Family law binder with gavelThis is the next post in a series of articles discussing child custody appeals in Las Vegas, Nevada. My previous article focused on the differences between a child custody trial versus an appeal of the trial court’s ruling. The rules and procedures that apply to the appeals process are quite different from those applicable to the trial phase of the case. In particular, it is important to realize that an appeal is not a new trial. Rather, an appeal is a review of the lower court’s decision-making process. In this post, I will address the types of issues that Las Vegas parents may appeal following the end of their custody trial. An experienced family attorney can provide guidance throughout the appeals process. If you need assistance, contact my office today to speak with a lawyer.

Las Vegas child custody trials are heard by the Clark County Family Court. In certain circumstances, the trial judge’s ruling may be appealed to the Nevada Supreme Court. These cases are most often heard by the Court of Appeals. It is important to understand, however, that not every case is appealable. Specific questions must exist regarding the misapplication of Nevada law to the facts of the case or the improper admission or exclusion of evidence at trial in order for a case to be appealed. The Court of Appeals does not have the authority to consider new facts that were not presented at the trial level. Whether an appeal has a chance to be successful revolves around these common themes.

Las Vegas parents may ask the Court of Appeals to review the “best interests of the child” standard in a child custody case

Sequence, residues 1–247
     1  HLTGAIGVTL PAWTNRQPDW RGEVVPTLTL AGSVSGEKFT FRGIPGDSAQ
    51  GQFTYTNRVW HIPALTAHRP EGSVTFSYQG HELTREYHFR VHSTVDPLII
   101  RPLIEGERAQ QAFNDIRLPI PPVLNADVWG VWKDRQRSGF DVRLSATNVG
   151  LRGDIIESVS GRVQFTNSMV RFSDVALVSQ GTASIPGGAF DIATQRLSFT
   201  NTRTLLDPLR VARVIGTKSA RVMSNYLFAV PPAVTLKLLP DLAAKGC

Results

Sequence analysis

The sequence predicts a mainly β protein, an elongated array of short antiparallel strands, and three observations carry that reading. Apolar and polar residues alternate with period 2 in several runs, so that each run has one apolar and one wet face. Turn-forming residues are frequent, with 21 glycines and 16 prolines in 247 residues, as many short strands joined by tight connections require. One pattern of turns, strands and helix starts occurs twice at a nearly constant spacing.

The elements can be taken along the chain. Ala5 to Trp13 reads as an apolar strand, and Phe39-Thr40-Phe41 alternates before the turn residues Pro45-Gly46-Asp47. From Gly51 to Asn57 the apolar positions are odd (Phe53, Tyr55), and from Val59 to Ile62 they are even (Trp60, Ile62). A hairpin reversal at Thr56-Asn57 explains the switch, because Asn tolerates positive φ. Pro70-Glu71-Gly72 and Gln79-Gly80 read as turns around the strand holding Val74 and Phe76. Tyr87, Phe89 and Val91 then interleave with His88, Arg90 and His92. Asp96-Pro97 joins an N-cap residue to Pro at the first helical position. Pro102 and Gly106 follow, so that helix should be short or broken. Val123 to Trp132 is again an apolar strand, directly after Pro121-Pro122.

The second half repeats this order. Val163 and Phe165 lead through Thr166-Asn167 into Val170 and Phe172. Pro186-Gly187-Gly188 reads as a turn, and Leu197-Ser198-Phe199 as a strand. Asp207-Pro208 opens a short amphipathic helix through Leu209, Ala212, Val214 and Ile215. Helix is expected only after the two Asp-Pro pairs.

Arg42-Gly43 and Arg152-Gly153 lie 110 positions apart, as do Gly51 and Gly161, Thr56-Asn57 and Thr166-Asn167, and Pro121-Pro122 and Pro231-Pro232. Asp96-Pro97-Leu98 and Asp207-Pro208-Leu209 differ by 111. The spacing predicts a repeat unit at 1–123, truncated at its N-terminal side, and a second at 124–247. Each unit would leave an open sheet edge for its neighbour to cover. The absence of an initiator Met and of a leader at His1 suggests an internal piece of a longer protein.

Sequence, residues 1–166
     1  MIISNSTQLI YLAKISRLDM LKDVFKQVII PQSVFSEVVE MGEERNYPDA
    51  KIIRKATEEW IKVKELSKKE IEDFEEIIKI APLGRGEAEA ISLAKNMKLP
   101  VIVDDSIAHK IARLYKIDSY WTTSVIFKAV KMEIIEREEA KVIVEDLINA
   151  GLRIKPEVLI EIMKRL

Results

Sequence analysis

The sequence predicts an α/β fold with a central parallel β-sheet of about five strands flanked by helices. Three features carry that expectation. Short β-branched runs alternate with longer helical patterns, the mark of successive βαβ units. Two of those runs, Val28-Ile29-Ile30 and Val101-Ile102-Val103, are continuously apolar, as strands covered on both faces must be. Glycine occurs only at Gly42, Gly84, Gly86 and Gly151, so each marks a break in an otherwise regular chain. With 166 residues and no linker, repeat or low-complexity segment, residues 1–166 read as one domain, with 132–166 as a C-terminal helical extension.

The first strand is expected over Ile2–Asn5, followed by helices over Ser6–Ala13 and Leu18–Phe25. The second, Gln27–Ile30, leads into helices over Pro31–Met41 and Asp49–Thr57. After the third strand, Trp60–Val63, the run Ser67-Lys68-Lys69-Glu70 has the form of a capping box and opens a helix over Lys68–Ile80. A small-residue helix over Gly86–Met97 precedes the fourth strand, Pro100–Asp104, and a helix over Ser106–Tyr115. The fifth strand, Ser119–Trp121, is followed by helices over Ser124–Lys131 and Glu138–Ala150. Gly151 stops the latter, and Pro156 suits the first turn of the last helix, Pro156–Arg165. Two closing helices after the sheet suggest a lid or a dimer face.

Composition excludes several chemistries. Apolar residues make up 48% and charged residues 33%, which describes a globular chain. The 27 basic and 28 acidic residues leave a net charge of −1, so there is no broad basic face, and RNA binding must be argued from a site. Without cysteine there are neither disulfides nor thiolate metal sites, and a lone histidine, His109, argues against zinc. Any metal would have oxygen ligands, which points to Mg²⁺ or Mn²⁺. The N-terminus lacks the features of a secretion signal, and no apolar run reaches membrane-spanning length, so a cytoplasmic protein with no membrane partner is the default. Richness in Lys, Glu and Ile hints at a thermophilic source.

Under Nevada law, trial court judges must consider the “best interests of the child” when ruling on child custody issues. There may be times, however, when the trial judge fails to apply the legal standard correctly, either due to misinterpretation of the facts or by misapplying the legal standard. In such cases, a Las Vegas parent may seek an appeal of that decision. For example, suppose a judge grants sole custody to a mother because she lives significantly closer to the child’s extracurricular activities. The Court of Appeals may determine that the trial court weighed extracurricular activities too heavily in its analysis and should have placed a higher premium on preserving the father’s parental rights. If so, the Court of Appeals may overturn the decision on appeal in favor of the father. The trial court’s and Court of Appeals’ rationale will, for obvious reasons, differ from case to case depending upon the specific facts and evidence presented.

Nevada Courts of Appeal may review evidentiary rulings made by the Clark County Family Court in child custody matters

The Court of Appeals may only consider evidence entered into the record during the child custody trial. No new testimony, documentary evidence or other facts may be presented during the appeal. It is common, however, for the Court of Appeals to evaluate the lower court’s decision to admit or exclude evidence in the original case. Like other types of legal proceedings, specific rules of evidence govern whether or not certain facts, documents, and witness statements can be used in a custody case. The rules require, for instance, that some types of documents must be authenticated by a witness to be considered valid. Other considerations, such as whether a party objected to a witness statement at the trial may also be considered on appeal. For example, if the trial judge admitted testimony about one parent’s intent to seek employment out of state in the future, the Court of Appeals may decide the testimony was merely speculation and should not have been allowed to impact the trial court’s decision. If the admission of such evidence impacted the outcome of the case, then it may be an issue to challenge on appeal.

As an experienced family lawyer, I understand that receiving an unfavorable custody ruling at trial can be devastating. I also know that the appeals process can confuse overwhelmed parents. If you are involved in a potential appeal, please contact my office today to speak with a Las Vegas custody appeals attorney.